• Note that quite a few Xen maintainers used to be GSoC participants once. Feel free to ask community dot manager at xenproject dot org to put you in touch with them if you have questions about their experience.
  • Any work you submit before applying for a project should be based on xen-unstable development tree, if the project is Xen Hypervisor and/or tools related. Linux kernel related patches should be based on upstream kernel.org Linux git tree (latest version). XAPI and Mirage OS patches should be based on the right codeline too. Check out the navigation by audience section on the left to find resources.

More resources

Quick links to changelogs of the various Xen related repositories/trees: Please see XenRepositories wiki page!

Before to submit patches, please look at Submitting Xen Patches wiki page and the relevant Xen Project team page. This will contain more information.

If you have new ideas, suggestions or development plans let us know and we'll update this list!

Aspiring Participants

  • Please contact the mentor and CC the most appropriate mailing list
  • Get a bite-size task from the mentor before the application starts
  • If you feel comfortable with an idea, please put your name to an idea using the following format
|Review=(delete as addressed)
* {{Comment|~~~~:}} I am interested in this idea ...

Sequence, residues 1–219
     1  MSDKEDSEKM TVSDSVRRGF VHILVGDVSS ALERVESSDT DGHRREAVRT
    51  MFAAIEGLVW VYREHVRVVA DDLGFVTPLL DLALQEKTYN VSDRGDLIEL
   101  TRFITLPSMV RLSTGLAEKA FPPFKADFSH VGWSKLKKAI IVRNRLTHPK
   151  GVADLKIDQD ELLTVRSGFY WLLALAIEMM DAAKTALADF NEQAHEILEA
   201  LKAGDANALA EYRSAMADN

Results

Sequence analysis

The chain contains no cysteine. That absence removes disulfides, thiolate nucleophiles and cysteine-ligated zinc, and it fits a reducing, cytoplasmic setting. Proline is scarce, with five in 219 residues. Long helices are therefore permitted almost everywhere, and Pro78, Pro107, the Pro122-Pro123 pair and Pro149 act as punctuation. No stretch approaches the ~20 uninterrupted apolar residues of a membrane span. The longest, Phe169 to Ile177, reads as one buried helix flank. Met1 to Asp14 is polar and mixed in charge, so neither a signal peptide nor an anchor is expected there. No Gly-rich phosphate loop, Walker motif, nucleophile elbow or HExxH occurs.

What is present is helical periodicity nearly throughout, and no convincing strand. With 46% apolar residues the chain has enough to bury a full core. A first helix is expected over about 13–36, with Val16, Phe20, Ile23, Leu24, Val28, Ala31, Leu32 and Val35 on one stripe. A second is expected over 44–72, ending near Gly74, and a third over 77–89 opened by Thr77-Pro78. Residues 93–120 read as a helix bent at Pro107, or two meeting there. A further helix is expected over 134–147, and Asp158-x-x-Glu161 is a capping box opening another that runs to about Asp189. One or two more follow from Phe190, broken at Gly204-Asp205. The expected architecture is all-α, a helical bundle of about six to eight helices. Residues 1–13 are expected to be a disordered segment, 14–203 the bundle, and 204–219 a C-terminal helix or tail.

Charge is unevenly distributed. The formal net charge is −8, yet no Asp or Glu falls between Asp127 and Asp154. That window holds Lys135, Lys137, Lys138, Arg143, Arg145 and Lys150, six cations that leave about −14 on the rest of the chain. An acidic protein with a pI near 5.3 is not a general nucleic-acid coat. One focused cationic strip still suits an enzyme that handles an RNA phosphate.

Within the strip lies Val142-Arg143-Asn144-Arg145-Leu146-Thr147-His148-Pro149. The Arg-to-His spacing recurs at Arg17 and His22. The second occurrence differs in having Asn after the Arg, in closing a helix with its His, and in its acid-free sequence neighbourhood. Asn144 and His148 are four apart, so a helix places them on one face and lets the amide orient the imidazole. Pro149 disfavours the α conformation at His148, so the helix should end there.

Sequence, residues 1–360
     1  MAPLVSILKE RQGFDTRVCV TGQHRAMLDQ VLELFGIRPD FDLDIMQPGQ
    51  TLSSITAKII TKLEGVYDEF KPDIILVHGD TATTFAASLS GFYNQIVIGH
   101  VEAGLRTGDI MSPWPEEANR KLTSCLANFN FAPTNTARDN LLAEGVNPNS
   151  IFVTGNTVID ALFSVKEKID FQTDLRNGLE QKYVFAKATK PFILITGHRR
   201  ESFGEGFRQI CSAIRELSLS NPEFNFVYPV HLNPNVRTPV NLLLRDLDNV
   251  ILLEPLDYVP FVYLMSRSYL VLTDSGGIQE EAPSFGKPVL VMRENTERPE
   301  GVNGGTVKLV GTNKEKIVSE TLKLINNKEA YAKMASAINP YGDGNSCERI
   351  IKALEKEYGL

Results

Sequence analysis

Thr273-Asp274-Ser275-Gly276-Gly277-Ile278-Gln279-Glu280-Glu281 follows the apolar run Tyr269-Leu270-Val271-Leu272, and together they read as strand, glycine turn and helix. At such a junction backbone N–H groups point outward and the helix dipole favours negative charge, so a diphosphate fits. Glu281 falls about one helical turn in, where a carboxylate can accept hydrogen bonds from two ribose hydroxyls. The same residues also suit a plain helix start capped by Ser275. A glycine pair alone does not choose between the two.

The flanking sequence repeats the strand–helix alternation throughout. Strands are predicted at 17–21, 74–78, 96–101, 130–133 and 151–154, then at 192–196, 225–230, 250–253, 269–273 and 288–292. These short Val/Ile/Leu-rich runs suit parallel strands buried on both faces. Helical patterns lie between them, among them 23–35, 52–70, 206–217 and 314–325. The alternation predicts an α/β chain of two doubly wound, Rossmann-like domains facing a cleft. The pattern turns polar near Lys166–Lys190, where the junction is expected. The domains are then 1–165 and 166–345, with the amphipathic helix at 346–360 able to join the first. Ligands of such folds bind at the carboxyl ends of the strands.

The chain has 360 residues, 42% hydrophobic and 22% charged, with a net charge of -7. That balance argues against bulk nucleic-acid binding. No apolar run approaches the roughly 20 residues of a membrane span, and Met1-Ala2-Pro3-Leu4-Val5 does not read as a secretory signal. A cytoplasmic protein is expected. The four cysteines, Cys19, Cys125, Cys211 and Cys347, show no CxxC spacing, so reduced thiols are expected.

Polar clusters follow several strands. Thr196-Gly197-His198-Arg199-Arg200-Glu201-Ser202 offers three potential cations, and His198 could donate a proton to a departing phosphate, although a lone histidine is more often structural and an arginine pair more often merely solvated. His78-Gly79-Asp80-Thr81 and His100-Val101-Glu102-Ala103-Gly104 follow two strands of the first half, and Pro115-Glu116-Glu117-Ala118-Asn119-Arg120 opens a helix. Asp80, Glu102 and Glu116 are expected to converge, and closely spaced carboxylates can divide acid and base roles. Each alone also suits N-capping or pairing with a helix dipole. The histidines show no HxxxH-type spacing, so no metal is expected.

(note that you may also want to link to the e-mail thread with the mentor)
  • You will need to request write access to the wiki by filling out this form

Outreach Program Project Ideas

List of peer reviewed Projects

Domain support (PVOPS and Linux)

Enabling the 9P File System transport as a paravirt device

Date of insert: 01/20/2014; Verified: 02/13/2015; GSoC: Yes
Technical contact: Wei Liu <wei.liu2@citrix.com> Julien Grall <julien.grall@citrix.com>
Mailing list/forum for project: xen-devel@
IRC channel for project: #xen-devel
Difficulty: High
Skills Needed: Required skills include knowledge of kernel hacking, file system internals. Desired skills include: understanding of Xen PV driver structure, and VirtIO.
Description: VirtIO provides a 9P FS transport, which is essentially a paravirt file system device. VMs can mount arbitrary file system hierarchies exposed by the backend. The 9P FS specification has been around for a while, while the VirtIO transport is relatively new. The project would consist of implementing a classic Xen front/back pv driver pair to provide a transport for the 9P FS Protocol.
Outcomes: Expected outcome:
  • LKML patches for front and back end drivers.
  • In particular, domain should be able to boot from the 9P FS.

Xen Hypervisor Userspace Tools

CPU/RAM/PCI diagram tool

Date of insert: 01/30/2014; Verified: 09/17/2015; GSoC: yes
Technical contact: Andrew Cooper <andrew.cooper3@citrix.com>
Mailing list/forum for project: xen-devel@
IRC channel for project: #xen-devel
Difficulty: Moderate, to Extremely Difficult (depending on which area of the problem you choose to tackle)
Skills Needed: Understanding of PC server hardware, Understanding of ACPI/SMBios tables, Linux scripting or kernel hacking (depending on which area of the problem you choose to tackle)